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Saturday Night Cinema: Gone to Earth

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First off, let me apologize for missing last week’s Saturday Night Cinema screening. I was traveling  to speak to the AFA conference, Islam and the West (video here), and was unable to search and post the crème de la crème of film you’ve come to expect.

But I’m back, and tonight’s Saturday Night selection is “Gone to Earth” (released in America as “The Wild Heart”). It is the huntsman’s cry when a fox has gone into hiding in its den or “earth.”

Set in rural Shropshire, it is a dark tale of lust, power and destruction. Wonderful photography and a picture of a long lost way of life. And yes, it is a continuation of the Atlas salute to the superb films of Michael Powell and Emeric Pressburger. This is now the third Saturday night cinema selection honoring their work.

The brooding British romantic drama Gone to Earth is better known by its American title The Wild Heart. Filmed in England and cofinanced by David O. Selznick and Alexander Korda, the film stars Jennifer Jones (Mrs. Selznick) as Hazel Woodus, a tempestuous Welsh gypsy maid who can’t seem to stay out of trouble. Feeling more of a kinship with woodland animals than with human beings, the Hazel enters into a loveless marriage with minister Edward Marston (Cyril Cusack). Believing she’s been born under a curse which will punish her if she ever truly falls in love, Hazel does her best to suppress her carnal desires, but gives up the struggle when she begins an affair with rakish landowner Jack Reddin (David Farrar). Her inability to be mistress of her own fate leads to a spectacularly tragic denouement. Based on a novel by Mary Webb, Gone to Earth was cut from 110 minutes to 82 for its American release; the latter version included a narration by Joseph Cotten and several new scenes directed by Rouben Mamoulien. ~ Hal Erickson, Rovi

‘Wild Heart’ at Paramount H. H. T. Published: May 29, 1952, NY Times

As “The Wild Heart,” Mary Webb’s novel “Gone to Earth” has undergone a picturesque but shapeless transition in reaching the screen. Adapted, directed and produced by the swank British team of Michael Powell and Emeric Pressburger as a starring showcase for Jennifer Jones, yesterday’s arrival at the Paramount, under the R. K. O. banner, is an exasperating brew of dank melodrama and shimmering pictorial loveliness.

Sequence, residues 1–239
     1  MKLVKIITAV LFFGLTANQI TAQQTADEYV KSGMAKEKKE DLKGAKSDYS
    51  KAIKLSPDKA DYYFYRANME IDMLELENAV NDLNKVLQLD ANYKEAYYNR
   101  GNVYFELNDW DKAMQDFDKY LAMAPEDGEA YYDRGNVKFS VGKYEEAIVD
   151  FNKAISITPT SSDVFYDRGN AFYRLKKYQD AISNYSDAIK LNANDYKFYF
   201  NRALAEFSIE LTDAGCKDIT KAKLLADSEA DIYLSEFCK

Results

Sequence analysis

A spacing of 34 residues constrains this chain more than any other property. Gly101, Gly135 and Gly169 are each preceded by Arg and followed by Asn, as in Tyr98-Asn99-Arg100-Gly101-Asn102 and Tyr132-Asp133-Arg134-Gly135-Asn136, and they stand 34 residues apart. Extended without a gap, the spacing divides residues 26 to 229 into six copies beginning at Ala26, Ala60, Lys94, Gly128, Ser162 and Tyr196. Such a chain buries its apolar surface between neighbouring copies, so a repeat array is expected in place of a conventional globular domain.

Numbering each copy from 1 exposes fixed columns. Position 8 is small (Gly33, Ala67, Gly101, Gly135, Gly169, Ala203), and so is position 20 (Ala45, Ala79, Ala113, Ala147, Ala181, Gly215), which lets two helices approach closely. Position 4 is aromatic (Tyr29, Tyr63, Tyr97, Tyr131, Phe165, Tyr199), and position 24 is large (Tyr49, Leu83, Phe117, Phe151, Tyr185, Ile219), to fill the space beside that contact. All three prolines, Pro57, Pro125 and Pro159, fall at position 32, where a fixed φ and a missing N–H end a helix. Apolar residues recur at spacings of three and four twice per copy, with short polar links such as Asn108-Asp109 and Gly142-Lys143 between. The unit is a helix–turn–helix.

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With the star’s presence bolstered by a stellar roster of British performers, including David Farrar, Cyril Cusack, Edmond Knight and Sybil Thorndike, Messrs. Powell and Pressburger have literally ploughed their Technicolor cameras into the Wales countryside, actually going Miss Webb’s pen one better in mirroring the barbaric grandeur of the setting.

Miss Webb’s book is an odd job to begin with, the account of a beautiful gypsy whose amoral innocence fatally traps her between the spiritual love of her young minister husband and the frank sensuality of an aging country squire. There has been little tampering with the culminating incidents. But whereas Miss Webb developed her characterizations and story with an ironic blending of nature’s own ruthless inconsistencies, Messrs. Powell and Pressburger have hammered the ingredients with blunt, unyielding strokes, seasoned with vague psychological clangings and only remotely tempered with humor and real perception.

As Hazel Woodrus, the young lady given to barefooted sprinting across the moors and sheltering maimed and hunted creatures of the wild, Miss Jones’ untamed good looks have never been put to better advantage. But the stark crescendo of the proceedings more often suggests the case history of a delinquent hill-billy. Mr. Farrar, as her seducer, sneers like a fugitive from “East Lynne.” As the man of God who comes to know himself after sheltering his adulterous wife, Cyril Cusack brings skilfully delineated conviction to the only three-dimensional character in sight. And Mr. Knight as the heroine’s harp-twanging father, Dame Thorndike as Mr. Cusack’s disapproving mother, and others are effective in minor roles.

Saddest of all, the superbly landscaped canvas of the film, instead of underlining it, more often dwarfs “The Wild Heart” to the point of banality. Wild it is, wild and woolly, but detached from reality, unlike Miss Webb’s original, for want of nothing more than a simple, steady heartbeat.

Featured on the Paramount stage are Johnnie Ray, Gary Morton, the Four Lads, Bud and Cece Robinson and Billy May and his orchestra.

THE WILD HEART, screen play by Michael Powell and Emeric Pressburger, based on the novel, “Gone To Earth,” by Mary Webb; directed and produced by Mr. Powell and Mr. Pressburger; a David O. Selznick Picture, distributed by R. K. O. Radio.
Hazel . . . . . Jennifer Jones
Edward Marston . . . . . Cyril Cusack
Jack Reddin . . . . . David Farrar
Abel Woodus . . . . . Edmond Knight
Mrs. Marston . . . . . Sybil Thorndike
Andrew Vessons . . . . . Hugh Griffith

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